With no real way to evaluate student learning, we asked teachers to assess what percentage of students gained knowledge of archeology and Native American cultures, and acquired responsible attitudes regarding the protection of sites and artifacts. Responses to these questions most directly relate to overall program goals. For the most part, teachers thought that students exposed to Intrigue of the Past acquired the desired knowledge, awareness, and responsibility.
However, some students apparently slip through the cracks. Approximately 18 percent of the educators using Intrigue in their classrooms reported that less than 60 percent of their students acquired a responsible attitude toward archeological sites. While other evaluation results are overwhelmingly positive, it appears that 18 percent of Intrigue educators are not conveying the message of personal responsibility to their students. These students are apparently learning about archeology, but failing to grasp the importance of valuing and protecting the past. Why is this the case?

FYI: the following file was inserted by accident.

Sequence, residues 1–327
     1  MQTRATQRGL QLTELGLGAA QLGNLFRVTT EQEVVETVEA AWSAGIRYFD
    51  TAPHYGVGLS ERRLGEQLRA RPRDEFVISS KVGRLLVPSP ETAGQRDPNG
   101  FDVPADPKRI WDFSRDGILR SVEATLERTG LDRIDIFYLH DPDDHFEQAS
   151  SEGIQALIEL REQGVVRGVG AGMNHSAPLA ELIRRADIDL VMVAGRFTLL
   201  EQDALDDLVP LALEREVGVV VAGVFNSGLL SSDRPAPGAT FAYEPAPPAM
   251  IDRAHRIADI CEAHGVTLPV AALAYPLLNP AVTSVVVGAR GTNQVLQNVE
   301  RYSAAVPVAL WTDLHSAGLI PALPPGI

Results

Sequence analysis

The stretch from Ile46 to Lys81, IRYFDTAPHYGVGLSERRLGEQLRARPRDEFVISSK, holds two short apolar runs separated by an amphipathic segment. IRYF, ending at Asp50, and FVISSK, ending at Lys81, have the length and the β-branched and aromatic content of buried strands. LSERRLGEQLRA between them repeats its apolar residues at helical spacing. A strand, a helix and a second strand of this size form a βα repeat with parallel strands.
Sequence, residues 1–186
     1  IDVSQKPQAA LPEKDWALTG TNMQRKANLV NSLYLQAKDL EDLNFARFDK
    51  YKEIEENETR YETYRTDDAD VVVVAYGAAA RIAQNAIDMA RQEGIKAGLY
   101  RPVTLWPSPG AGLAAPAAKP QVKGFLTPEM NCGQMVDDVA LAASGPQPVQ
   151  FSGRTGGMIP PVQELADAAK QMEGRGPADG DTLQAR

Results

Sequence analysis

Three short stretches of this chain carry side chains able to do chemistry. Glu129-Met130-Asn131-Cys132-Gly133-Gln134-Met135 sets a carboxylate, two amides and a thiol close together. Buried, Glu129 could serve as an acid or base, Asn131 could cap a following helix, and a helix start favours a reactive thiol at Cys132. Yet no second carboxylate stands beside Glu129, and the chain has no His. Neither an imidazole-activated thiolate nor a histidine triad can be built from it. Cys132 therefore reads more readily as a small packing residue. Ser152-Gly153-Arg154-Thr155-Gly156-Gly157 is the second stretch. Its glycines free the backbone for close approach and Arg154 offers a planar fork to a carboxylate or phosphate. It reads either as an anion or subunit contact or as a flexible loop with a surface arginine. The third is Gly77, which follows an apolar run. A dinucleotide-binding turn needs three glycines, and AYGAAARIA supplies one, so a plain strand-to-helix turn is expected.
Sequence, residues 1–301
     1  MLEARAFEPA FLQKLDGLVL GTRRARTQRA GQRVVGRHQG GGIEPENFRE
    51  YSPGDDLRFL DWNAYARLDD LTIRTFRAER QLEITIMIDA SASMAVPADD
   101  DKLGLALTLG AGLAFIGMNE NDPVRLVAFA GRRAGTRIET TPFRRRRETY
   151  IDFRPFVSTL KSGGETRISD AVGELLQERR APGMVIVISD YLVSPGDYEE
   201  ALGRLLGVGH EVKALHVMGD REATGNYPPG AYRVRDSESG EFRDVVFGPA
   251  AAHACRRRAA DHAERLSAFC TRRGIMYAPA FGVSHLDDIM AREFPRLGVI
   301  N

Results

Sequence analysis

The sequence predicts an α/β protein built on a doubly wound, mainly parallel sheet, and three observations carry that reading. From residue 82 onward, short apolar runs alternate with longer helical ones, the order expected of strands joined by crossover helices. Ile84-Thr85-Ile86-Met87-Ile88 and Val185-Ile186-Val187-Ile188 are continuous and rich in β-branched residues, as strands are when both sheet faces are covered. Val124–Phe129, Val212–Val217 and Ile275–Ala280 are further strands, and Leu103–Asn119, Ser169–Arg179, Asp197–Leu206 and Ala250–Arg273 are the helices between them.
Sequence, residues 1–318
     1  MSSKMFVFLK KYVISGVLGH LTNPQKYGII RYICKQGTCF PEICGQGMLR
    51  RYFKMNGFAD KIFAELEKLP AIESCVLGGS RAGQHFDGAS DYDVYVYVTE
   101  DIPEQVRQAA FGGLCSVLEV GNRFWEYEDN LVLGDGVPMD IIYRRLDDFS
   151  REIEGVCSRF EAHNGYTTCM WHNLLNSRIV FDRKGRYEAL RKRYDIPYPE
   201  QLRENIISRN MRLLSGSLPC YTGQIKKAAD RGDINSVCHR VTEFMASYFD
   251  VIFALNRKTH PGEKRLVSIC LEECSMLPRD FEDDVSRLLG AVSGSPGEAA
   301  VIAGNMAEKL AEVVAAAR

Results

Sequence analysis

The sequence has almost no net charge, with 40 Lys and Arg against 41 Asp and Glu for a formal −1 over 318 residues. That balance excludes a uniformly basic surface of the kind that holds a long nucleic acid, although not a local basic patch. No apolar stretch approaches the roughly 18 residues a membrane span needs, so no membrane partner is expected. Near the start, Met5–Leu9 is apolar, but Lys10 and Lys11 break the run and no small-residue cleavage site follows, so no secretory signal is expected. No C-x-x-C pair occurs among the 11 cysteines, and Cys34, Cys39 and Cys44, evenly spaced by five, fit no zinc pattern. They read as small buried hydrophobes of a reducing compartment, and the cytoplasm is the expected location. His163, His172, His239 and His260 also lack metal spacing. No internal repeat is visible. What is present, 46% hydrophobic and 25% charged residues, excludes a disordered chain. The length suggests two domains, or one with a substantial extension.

A Failure to Instill Responsible Attitudes?
To account for the low marks reported in the "responsible attitudes" category, we divided the participants into two groups for analysis: those who reported that 61 percent or more of their students acquired responsible attitudes toward archeological resources (Group 1, N=39), and those who reported 60 percent or less (Group 2, N= 11. The remainder are not using the program or did not supply sufficient information for analysis.) We surmised that Group 2 failed to include lessons with strong preservation messages, resulting in low percentages in the "responsible attitudes" category.
The two groups were compared based on the number and types of lessons they used in their classrooms. We found that both groups used a similar mix of lessons from each of the four activity guide sections. The only measurable difference between the two groups is that Group 2 taught fewer lessons per year than did Group 1, however, the difference is negligible. Thus, we were left with a less than satisfying explanation for failure to instill responsible attitudes.